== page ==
Journal of the New Zealand Medical Association, 15-July-2005, Vol 118 No 1218
Proceedings of the Christchurch Medical Research Society’s AGM and Scientific Meeting, 11 May 2005
The role of the natriuretic peptides in cardiac development
Nicola Scott1, Leigh Ellmers1, John Lainchbury1, Nobuyo Maeda2, Oliver Smithies2 and Vicky Cameron1.
1 Department of Medicine, Christchurch School of Medicine and Health Sciences
2 Department of Pathology and Laboratory Medicine, University of North Carolina
Atrial (ANP) and Brain (BNP) natriuretic peptides protect against the adverse changes in cardiac structure and function, known as cardiac remodelling, that occur during heart disease progression. This cardiac remodelling is largely attributed to the disease state re-activating a poorly-defined fetal gene program. Mice that lack the Npr-1 receptor mediating ANP and BNP bioactivity exhibit cardiac remodelling. We have observed that the number of surviving Npr-1 knockout (KO) embryos declines significantly during gestation and the neonatal period, and propose that the natriuretic peptides play a previously unrecognised role in fetal cardiac development. We compared cardiac anatomy, histology and gene expression of Npr-1 KO and wild-type (WT) hearts at three key time points in cardiac development, 12.5 and 15.5 days post coitum (p.c) and neonatal day one in both male and female mice of each genotype (n=6 per group). Increased heart size was apparent in KO mice from 15.5 days p.c, but cardiac fibrosis was not evident until eight weeks of age. Microarray analysis on 22k Oligo arrays of Npr-1 KO and WT embryos and neonates indicated altered expression (p<0.05) of genes involved in cardiac structure (Myosin light chain, Collagen I & III), developmental axis determination and regulation of transcription (GATA-4 & 6, Mef 2A & 2B, Activin IIB Receptor pathway), myocyte cell proliferation and hypertrophy (ANP, CamK4, MAPKKK5), as well as genes involved in energy utilisation and metabolism (GAPDH, GSK-3B). In summary, in addition to their cardioprotective effects in the adult heart, the natriuretic peptide family appears to interact extensively with several developmental signalling pathways.
The pattern electroretinogram in normal myopic eyes
Rudy Hidajat1,2, Jan McLay1, Mark Elder1, Lora Upsall1, Ray Pointon2, David Goode2
1 Department of Ophthalmology, Christchurch Hospital
2 Department of Medical Physics and Bioengineering, Christchurch Hospital
Myopia, commonly referred to as short sightedness, is a common cause of visual disability throughout the world and affects 25% of the western population. Myopia causes parallel light to focus in front of the retina. It is usually a consequence of the axial length (AL) of the eye being too long. An association between myopia and glaucoma has been documented. In glaucoma, the pattern electroretinogram (PERG) amplitude is often reduced before it is possible to detect a scotoma in the patient’s visual field.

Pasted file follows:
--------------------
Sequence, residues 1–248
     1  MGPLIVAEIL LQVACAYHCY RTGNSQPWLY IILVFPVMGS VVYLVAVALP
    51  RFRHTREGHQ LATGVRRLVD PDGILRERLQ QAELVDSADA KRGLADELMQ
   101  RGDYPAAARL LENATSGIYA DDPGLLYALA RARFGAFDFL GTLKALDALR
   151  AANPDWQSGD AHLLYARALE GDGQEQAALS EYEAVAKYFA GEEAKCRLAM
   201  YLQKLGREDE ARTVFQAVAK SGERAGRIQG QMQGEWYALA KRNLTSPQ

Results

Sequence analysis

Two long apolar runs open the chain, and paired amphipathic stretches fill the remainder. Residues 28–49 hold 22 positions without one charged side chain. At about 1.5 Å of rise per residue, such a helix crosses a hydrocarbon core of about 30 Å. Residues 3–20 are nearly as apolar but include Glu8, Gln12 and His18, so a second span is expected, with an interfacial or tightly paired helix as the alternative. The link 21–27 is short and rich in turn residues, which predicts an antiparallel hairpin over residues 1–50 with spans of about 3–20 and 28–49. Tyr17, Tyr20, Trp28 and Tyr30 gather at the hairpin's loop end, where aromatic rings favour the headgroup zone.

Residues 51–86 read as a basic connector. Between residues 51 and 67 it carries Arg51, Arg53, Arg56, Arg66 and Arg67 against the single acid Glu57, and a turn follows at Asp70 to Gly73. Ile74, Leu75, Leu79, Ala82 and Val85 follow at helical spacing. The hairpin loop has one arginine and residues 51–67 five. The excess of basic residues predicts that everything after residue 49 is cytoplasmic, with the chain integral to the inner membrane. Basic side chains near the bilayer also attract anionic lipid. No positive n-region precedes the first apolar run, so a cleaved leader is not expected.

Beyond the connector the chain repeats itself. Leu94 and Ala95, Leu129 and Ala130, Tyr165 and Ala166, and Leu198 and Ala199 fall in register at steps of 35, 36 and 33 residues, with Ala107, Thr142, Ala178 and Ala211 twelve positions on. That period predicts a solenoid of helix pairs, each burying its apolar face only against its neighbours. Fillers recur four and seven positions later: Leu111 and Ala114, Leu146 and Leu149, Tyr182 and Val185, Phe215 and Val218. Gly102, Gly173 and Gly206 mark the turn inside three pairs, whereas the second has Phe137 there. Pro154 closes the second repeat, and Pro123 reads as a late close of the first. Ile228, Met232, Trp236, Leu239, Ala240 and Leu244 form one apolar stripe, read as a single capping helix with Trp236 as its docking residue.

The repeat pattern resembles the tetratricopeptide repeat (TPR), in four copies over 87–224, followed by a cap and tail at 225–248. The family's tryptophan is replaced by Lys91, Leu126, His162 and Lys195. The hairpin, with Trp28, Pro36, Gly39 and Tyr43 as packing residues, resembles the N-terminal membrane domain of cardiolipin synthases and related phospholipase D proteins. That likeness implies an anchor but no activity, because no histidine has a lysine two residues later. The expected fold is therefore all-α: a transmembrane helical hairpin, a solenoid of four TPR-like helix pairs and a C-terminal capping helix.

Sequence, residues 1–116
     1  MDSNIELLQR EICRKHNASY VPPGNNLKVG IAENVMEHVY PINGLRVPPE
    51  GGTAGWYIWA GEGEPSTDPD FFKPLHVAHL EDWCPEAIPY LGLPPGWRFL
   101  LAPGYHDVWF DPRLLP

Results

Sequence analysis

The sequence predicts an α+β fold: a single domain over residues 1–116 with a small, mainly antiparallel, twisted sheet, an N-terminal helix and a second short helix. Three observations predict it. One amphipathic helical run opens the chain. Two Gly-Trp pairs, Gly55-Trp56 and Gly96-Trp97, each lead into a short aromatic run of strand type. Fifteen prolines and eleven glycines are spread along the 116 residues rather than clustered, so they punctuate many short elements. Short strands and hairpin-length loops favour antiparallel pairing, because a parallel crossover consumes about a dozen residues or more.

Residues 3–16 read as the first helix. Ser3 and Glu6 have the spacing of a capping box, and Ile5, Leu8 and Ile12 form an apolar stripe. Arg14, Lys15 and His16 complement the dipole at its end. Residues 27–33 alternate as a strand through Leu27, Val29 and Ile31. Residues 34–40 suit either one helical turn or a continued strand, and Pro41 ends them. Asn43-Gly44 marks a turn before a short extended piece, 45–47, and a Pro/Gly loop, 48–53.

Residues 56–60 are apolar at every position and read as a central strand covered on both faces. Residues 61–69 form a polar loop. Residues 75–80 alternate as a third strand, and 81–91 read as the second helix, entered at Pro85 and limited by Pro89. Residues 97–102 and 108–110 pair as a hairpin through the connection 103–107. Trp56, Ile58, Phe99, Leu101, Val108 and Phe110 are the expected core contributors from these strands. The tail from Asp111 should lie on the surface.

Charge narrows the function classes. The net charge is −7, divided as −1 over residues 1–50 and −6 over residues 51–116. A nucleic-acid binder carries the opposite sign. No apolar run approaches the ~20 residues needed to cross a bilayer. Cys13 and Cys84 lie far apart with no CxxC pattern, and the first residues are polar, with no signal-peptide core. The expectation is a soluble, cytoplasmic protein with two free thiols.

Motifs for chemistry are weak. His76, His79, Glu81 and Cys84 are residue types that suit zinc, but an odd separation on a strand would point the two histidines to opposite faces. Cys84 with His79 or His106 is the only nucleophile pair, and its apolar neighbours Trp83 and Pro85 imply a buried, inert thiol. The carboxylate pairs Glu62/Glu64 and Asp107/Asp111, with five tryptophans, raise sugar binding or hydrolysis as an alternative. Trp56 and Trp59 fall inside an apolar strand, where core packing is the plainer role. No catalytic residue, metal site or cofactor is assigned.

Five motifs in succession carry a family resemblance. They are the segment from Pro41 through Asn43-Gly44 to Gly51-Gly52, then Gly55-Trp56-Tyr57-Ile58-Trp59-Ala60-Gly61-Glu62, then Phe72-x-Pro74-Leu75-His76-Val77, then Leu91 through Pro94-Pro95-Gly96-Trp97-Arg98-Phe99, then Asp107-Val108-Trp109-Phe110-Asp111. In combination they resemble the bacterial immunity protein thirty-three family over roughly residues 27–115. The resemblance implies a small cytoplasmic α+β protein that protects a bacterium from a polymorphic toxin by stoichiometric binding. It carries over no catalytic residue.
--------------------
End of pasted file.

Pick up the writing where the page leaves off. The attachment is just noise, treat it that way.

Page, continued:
The aim of our study was to determine whether the AL can also influence the PERG amplitude. Thirty five normal myopic volunteers (mean age = 32 years; SD = 5.5 years) participated in this study which received approval from the Canterbury Ethics Committee. Each volunteer had passed a complete ophthalmic screening examination and had a best corrected visual acuity of 6/9 or better. Only the results of the right eye from each volunteer were included in the statistical analysis.
Our findings confirm a significant correlation between the AL of normal myopic eyeball and the PERG amplitude (correlation coefficient r = -0.42; p < 0.01).
In conclusion, the longer axial length of a myopic eyeball may also be responsible for the reduction of PERG amplitude and therefore needs to be considered when interpreting the PERG results.
Doppler ultrasound evaluation of arterial blood velocity during vasovagal syncope
Raymond Pointon1, Isabel Wright2, David Jardine3, Lou Reinisch4
1 Department of Medical Physics and Bioengineering, Christchurch Hospital.
2 Department of Radiology (Vascular Lab.), Christchurch Hospital.
3 Department of General Medicine, Christchurch Hospital.
4 Department of Physics and Astronomy, University of Canterbury.
Vasovagal syncope (or fainting) is a fall in blood pressure secondary to generalised vasodilation, although the exact mechanism is unknown. This reaction can be reproduced in the laboratory using tilt testing. We hypothesised that during tilt-induced syncope, blood flow to the gut is increased.
We measured superior mesenteric arterial blood velocity using pulsed doppler ultrasound, with blood pressure, heart rate and sympathetic nerve activity continuously in 40 patients. Patients were initially monitored in the horizontal (base-line) position, then at 60 deg head-up tilt until syncope, or for 30 minutes if they tolerated the tilt position. Recordings were made at one minute intervals. The Doppler wave-forms were analysed off-line using running averages to plot a maximum velocity envelope. An area ratio was derived to show blood flow changes in each patient during tilt.